Blogs such as this often stimulate healthy debate and discussion, after all that is partially while they are there. But sometimes comments from readers are over the top and occasionally I have real suspicions about motivation.
My most recent concerns relate to a post that was made to one of my reviews of Routebuddy, the mapping software that runs on both Apple’s OSX and Windows.
The comment in question was a long and detailed one. At first I paid little attention to it mainly because it addressed Routebuddy’s performance with road maps and its use by vehicle users with turn-by-turn instructions. But I was a little narked because, obviously, this is a blog about hiking and other self powered pursuits. So, I took time to read the comment thoroughly.
What struck me was that the comment was written by somebody who had used Routebuddy or at least knew about navigation software. There was something in the criticisms but some of them were way over the top. On some of the topics raised I have little knowledge but I wouldn’t be at all surprised if these comments were also unfair.
I really got suspicious when I looked at the details of the poster. The email address given was in the name of someone calling themselves spamfuckers and the IP address given took me to one of those anonymous servers so beloved of hackers. On this basis alone I decided to delete the comment. I don’t mind honest comments or even abusive ones but I draw the line at those who seek deliberately to be anonymous.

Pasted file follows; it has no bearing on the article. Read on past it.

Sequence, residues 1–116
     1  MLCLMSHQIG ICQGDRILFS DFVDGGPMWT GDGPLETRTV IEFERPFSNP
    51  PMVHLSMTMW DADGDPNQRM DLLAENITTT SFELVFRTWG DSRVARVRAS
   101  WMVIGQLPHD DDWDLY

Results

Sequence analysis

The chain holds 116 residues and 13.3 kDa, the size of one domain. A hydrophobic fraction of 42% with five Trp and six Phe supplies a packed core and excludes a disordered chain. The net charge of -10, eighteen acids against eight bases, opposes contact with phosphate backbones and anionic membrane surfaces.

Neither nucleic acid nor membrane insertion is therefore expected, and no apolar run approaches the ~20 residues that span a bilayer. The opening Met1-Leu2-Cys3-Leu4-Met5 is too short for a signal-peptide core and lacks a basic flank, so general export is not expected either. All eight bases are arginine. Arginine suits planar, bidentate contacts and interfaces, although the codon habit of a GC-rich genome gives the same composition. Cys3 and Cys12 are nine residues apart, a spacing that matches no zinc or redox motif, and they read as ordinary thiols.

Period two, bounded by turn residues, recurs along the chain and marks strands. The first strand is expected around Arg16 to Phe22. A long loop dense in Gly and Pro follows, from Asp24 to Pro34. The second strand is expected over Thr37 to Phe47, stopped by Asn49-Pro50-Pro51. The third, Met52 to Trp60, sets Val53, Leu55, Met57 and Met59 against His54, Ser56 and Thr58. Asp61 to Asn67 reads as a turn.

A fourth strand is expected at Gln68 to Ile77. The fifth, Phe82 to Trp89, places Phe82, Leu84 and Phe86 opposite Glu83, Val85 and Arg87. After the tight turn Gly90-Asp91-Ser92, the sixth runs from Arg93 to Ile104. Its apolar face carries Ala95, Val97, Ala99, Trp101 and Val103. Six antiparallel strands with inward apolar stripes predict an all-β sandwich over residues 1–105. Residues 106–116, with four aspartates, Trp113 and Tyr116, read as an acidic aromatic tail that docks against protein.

Reading this I couldn’t help feel that this was not just an innocent post and that there was more to it than that. We know that low level sabotage is on the increase and certainly when you put Routebuddy into a search engine this site’s reviews figure very near the top of the page, if not at the top.
Amazon has a problem with authors and publishers putting rave reviews of their work onto the site using aliases. I myself have knowledge of one prominent outdoor writer who chooses to rubbish other outdoor writers with poor reviews written under an alias and who also cleverly tries to promote themselves and their own work at the same time!
The same problems occur in the iTunes store. I am always suspicious when I see review after review that give something 5 stars as a normal statistical spread — even of a popular product — should see a wider range of appreciation being recorded.
This is a practice that needs stamping out.
If I have suspicions about any of the comments here I will contact the author and if the author has chosen to hide themselves then the posts will be deleted.
If in reading any of the comments here you have similar worries then please let me know. Some of this stuff is bound to get through at some time or another.